Thank you so much for this answer.  :) Nice to ask an actual citizen of a country rather than rely on a Wikipedia page. I have to say this: at least you have the option of the public clinic, even if it may be unreliable and congested.  I live in the only industrialized democracy that doesn't provide healthcare to all its citizens.  ::)  Now we have the Obamacare nightmare to contend with.

    As far as your tooth, we have plenty of private dentists in America who are quite skilled in the art of dental destruction, too  :D Finding affordable, quality dental care here is always a challenge.

    #423123

    Anonymous
    Quote:
    The military industry here is called "Oboronnaja promyshlennost" – a defense industry – so it's about containment, yeah. I wish  :)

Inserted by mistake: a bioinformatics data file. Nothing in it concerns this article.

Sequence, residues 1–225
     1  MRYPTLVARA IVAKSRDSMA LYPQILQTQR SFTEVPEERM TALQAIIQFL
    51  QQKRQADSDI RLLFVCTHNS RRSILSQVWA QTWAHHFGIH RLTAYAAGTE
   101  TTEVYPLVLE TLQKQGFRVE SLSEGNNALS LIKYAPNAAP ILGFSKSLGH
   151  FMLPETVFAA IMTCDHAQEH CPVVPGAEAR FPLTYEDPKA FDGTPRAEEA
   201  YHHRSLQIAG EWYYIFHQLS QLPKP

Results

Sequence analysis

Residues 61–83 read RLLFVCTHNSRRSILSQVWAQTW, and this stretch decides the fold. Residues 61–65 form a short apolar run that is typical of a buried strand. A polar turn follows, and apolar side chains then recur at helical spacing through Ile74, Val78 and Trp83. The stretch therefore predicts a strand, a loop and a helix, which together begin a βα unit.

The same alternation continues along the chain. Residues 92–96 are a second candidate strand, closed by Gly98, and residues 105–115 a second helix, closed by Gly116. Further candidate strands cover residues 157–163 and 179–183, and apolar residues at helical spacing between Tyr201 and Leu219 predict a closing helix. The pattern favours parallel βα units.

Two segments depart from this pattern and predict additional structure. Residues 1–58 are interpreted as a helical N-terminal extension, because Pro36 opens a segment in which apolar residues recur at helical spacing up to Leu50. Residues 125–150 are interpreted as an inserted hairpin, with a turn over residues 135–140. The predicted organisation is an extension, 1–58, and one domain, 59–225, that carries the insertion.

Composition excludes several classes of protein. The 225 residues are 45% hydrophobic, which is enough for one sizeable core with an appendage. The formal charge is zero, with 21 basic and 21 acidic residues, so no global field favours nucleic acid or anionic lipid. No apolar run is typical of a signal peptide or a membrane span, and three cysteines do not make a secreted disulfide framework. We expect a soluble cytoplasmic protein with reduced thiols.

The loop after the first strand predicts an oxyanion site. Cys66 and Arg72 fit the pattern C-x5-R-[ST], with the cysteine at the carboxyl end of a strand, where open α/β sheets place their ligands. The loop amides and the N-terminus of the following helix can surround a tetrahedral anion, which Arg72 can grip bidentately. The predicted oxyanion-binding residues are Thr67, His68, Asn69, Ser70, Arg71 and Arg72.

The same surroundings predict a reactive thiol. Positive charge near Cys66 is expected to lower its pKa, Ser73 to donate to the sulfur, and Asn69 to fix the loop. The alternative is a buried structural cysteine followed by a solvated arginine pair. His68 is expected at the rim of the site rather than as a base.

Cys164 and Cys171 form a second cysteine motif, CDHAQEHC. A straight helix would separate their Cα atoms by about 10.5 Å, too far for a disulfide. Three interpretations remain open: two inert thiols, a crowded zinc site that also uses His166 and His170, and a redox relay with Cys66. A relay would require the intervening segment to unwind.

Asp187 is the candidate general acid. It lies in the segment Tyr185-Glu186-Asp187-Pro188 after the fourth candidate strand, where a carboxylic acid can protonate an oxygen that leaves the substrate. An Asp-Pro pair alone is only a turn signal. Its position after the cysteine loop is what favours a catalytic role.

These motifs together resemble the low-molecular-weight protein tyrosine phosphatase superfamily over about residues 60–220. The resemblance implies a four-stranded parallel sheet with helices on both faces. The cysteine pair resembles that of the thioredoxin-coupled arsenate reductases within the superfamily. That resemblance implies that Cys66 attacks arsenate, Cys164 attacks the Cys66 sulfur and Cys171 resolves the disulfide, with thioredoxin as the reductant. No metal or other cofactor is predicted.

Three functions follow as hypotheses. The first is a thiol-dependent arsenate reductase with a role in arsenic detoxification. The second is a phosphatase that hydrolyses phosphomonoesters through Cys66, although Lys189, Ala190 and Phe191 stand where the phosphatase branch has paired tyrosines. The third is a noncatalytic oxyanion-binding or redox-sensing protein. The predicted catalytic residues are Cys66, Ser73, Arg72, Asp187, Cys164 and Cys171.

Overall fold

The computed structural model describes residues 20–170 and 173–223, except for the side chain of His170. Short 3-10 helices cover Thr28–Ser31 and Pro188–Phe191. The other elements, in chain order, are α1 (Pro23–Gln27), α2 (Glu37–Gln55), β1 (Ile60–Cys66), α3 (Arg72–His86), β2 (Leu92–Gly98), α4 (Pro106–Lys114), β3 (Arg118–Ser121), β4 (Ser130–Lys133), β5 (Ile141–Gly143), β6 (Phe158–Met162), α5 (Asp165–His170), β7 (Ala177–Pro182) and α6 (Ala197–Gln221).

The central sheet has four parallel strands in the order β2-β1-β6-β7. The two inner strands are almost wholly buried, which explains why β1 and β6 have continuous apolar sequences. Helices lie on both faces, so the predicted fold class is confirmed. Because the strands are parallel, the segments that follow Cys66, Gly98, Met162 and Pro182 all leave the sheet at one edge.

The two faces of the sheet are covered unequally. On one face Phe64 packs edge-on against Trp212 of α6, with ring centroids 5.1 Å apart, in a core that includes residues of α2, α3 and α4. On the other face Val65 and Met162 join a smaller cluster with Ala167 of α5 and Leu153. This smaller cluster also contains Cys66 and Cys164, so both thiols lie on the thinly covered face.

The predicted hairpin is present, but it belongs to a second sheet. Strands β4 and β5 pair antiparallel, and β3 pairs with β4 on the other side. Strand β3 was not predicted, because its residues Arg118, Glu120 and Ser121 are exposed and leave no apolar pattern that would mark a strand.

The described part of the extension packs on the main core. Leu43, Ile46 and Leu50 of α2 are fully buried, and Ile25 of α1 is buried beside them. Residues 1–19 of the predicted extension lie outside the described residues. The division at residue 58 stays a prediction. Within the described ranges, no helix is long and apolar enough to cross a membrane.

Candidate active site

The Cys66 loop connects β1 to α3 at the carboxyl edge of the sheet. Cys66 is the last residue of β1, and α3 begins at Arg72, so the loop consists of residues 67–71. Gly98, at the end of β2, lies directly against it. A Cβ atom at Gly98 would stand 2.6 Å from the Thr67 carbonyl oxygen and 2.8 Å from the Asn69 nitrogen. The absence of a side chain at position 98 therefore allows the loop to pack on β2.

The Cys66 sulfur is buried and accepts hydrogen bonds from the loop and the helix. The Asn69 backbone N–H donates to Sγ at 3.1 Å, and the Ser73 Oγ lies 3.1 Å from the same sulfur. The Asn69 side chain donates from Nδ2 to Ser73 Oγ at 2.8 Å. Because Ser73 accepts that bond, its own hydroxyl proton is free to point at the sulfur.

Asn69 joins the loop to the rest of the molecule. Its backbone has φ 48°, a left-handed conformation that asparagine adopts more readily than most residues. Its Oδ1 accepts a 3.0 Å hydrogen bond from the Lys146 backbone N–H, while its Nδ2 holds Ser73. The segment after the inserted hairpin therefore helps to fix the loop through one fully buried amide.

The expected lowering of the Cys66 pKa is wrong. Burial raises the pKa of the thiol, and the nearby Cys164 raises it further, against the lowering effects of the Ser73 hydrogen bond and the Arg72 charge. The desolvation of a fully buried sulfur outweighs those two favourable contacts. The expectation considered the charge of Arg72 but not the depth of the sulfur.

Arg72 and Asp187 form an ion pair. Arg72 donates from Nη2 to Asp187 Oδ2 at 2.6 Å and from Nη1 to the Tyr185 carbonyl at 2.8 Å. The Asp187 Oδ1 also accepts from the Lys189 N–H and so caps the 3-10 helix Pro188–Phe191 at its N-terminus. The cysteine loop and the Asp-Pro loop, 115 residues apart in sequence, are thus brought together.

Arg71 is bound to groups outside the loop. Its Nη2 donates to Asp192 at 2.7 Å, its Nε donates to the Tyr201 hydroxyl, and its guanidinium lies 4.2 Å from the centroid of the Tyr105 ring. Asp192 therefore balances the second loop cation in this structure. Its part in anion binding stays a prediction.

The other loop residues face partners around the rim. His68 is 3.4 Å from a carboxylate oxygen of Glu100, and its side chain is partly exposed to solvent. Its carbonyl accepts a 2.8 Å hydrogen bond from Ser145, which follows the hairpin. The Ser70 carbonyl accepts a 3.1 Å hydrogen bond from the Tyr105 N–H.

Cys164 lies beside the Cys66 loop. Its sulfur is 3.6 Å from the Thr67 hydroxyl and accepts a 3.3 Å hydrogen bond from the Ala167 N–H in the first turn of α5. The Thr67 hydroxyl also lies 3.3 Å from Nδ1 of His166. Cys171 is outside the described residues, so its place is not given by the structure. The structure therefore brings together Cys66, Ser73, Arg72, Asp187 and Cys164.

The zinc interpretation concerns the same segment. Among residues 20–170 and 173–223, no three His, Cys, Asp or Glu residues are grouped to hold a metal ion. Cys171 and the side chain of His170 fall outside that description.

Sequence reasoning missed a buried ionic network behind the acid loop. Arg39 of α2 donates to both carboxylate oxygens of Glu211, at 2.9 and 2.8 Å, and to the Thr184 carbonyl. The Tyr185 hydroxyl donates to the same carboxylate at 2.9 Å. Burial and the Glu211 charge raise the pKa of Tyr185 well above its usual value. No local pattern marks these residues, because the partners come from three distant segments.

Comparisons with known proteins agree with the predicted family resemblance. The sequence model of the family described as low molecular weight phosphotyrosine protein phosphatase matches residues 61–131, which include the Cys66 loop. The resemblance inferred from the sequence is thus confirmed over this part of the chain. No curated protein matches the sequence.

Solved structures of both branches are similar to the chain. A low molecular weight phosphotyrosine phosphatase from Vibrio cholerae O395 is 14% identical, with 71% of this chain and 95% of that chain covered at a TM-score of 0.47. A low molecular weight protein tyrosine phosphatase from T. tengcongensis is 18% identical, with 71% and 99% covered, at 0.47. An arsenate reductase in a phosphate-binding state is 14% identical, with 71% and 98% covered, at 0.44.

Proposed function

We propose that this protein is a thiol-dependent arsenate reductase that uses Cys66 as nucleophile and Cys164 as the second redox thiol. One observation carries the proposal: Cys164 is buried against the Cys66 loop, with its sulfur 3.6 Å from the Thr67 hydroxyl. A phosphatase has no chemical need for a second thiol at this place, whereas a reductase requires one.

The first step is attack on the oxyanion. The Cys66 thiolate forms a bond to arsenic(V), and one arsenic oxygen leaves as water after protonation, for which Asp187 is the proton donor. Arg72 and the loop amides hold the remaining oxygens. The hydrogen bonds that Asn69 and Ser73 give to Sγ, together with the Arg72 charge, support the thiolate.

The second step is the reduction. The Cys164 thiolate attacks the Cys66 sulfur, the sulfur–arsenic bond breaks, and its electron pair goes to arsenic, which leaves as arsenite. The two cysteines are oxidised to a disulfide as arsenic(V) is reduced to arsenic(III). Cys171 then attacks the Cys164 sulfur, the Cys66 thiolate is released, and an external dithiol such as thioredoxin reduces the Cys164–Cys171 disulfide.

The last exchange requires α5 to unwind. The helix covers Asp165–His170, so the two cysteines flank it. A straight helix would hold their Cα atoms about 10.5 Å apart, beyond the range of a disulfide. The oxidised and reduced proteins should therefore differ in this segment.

It's also about 'осваивание государственного бюджета силовиками и чиновниками'. A lot of budget money  go missing surfacing in off-shore banks in places such as Cyprus. The biggest problem is corruption among government officials  in Russia in my opinion.

    As for healthcare in Russia I'd rather not comment. We get to hear aweful stories about public healthcare in regional Russia.

    #423124

    Anonymous
    Quote:
    I live in the only industrialized democracy that doesn't provide healthcare to all its citizens. 

    I'm sure that the american citizens are looking it from a bright side,and are grateful that their government can at least aford to liberate the countries such as Iraq,Afghanistan,and almost Syria with their dollars.

    #423125

    Anonymous
    Quote:
    I'm sure that the american citizens are looking it from a bright side,and are grateful that their government can at least aford to liberate the countries such as Iraq,Afghanistan,and almost Syria with their dollars.

    [IMG]http://imageshack.us/a/img541/8067/zgd.gif” />

    …um, no.